He added it was a shame they, as players, missed Thanasi on tour with them and is happy to see him back playing, in a generation that has such diversity with plenty of younger contenders fighting for world number 1.
Up next, he faces Sweden’s Mikael Ymer – born just a month after him – who became the first player from his country to reach the third round at a Grand Slam in a decade after comeback wins over Poland’s Hubert Hurkacz and highly-rated qualifier Carlos Alcaraz.
Svitolina stays composed to stifle Gauff
This affair was likely to be decided by who played the bigger points better and unsurprisingly, it was the more experienced Elina Svitolina – with 15 WTA singles titles – who produced her counter-punching best in a memorable first H2H encounter against a spirited Cori Gauff display.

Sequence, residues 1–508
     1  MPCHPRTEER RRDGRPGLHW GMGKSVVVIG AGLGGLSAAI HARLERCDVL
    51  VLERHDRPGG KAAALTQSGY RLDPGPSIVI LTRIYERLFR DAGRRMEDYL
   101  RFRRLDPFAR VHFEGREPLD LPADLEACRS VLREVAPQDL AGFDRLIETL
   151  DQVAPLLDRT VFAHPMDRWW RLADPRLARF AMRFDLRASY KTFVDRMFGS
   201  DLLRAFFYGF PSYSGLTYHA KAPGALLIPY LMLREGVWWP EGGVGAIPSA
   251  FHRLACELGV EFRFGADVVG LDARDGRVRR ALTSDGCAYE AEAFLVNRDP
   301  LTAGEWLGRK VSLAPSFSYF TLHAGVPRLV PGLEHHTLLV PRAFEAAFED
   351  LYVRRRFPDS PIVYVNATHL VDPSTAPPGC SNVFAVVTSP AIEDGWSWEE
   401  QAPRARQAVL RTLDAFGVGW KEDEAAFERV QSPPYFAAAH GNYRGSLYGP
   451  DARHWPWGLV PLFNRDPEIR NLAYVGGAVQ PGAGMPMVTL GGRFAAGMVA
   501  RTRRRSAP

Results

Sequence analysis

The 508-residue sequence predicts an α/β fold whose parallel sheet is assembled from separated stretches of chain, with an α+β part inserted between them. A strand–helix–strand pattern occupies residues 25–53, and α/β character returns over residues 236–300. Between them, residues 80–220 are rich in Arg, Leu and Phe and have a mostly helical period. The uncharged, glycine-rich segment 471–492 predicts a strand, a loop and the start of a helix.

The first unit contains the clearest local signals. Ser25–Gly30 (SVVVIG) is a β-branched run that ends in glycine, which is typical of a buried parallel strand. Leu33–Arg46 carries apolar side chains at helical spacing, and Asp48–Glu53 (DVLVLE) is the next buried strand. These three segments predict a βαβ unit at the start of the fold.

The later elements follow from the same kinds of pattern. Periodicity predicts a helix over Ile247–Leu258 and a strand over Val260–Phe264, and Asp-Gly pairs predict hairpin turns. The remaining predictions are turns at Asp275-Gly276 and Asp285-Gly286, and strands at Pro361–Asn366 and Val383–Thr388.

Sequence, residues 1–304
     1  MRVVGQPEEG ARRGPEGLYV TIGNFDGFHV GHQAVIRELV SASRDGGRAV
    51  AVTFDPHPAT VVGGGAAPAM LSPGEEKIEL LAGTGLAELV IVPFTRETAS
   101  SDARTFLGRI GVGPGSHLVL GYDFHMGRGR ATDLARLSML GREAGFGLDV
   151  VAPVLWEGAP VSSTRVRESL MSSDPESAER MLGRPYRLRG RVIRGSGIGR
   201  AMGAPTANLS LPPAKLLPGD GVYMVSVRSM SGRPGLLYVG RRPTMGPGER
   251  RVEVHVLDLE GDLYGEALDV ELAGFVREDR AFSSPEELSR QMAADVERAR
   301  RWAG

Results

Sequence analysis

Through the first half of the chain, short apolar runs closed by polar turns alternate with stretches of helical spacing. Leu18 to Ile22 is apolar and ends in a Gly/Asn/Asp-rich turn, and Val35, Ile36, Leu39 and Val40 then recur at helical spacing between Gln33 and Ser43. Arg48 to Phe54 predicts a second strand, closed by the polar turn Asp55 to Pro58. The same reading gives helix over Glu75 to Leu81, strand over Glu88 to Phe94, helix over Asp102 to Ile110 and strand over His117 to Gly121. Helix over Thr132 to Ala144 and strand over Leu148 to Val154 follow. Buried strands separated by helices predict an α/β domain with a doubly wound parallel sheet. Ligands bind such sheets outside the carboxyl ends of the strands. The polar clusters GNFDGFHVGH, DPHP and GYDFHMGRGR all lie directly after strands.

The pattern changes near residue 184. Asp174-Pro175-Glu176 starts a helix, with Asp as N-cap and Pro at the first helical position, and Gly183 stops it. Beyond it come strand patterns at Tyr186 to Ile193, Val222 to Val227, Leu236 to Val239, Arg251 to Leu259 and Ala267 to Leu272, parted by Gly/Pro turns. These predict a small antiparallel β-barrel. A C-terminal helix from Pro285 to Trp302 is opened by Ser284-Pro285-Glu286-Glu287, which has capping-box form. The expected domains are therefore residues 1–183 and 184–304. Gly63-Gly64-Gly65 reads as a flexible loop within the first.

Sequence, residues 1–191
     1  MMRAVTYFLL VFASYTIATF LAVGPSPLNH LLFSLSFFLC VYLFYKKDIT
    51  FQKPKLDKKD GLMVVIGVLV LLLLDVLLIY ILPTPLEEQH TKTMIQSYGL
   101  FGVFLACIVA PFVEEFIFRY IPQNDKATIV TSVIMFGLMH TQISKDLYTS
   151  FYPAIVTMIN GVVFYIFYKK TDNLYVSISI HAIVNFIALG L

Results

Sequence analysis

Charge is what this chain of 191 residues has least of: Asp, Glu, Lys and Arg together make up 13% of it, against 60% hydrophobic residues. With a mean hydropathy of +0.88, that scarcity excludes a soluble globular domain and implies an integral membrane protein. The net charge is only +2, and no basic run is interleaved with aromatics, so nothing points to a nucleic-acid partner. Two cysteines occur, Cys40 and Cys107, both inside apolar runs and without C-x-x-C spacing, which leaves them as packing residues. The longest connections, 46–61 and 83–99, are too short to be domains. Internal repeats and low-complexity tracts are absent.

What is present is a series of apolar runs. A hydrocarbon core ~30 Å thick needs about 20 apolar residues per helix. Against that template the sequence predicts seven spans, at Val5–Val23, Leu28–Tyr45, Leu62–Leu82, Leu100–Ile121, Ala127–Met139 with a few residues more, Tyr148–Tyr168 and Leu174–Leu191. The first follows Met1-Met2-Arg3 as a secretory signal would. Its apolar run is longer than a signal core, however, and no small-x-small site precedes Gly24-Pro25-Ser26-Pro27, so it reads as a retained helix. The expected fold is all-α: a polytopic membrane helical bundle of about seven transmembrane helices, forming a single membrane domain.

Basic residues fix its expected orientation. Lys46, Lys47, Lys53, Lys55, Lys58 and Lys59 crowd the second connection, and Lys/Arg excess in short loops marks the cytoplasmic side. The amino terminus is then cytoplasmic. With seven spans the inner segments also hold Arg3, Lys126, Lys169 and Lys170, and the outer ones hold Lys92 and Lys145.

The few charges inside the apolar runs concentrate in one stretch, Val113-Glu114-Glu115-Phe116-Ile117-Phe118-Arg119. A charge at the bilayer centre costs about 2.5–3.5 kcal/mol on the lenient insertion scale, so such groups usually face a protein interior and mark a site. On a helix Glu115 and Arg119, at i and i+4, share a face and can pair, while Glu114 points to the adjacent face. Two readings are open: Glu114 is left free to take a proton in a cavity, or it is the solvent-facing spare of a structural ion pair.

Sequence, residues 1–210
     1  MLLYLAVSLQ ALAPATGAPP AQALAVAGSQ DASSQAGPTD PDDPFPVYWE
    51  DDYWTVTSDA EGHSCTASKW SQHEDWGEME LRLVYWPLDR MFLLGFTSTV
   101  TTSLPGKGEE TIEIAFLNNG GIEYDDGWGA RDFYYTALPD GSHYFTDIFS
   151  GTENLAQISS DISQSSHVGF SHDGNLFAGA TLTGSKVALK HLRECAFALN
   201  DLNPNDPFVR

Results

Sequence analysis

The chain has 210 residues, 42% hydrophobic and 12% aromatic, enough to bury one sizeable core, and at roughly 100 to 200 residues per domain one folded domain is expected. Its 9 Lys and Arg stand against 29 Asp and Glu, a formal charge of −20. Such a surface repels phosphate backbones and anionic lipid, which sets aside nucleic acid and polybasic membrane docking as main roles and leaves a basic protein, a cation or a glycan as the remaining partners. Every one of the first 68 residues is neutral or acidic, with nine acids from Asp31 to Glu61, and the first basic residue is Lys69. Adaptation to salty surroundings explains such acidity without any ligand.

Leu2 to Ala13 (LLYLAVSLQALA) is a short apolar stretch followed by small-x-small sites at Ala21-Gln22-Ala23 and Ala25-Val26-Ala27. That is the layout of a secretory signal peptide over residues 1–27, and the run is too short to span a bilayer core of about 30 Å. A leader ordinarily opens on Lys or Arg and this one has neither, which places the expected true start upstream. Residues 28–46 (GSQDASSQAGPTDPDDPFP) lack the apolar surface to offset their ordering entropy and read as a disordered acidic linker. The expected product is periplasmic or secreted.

Gauff needed aggression and a consistent serving clip to stand any chance, both of which were on show from the early exchanges. Whether she could replicate those moments of brilliance when things inevitably got tight though, was the key to victory.
Svitolina saved an early break point and that rather typified an efficient showing from the fifth seed, as they exchanged service holds.
Gauff’s shot selection against the very best has been found wanting and the same could be said here too. Svitolina fired a passing winner beyond her, going 30-0 up on the 16-year-old’s serve.
A forehand into the net gave Elina two set points and despite doing well to save one, Svitolina snatched the second to take a 6-4 lead after 37 minutes by forcing another error into the net.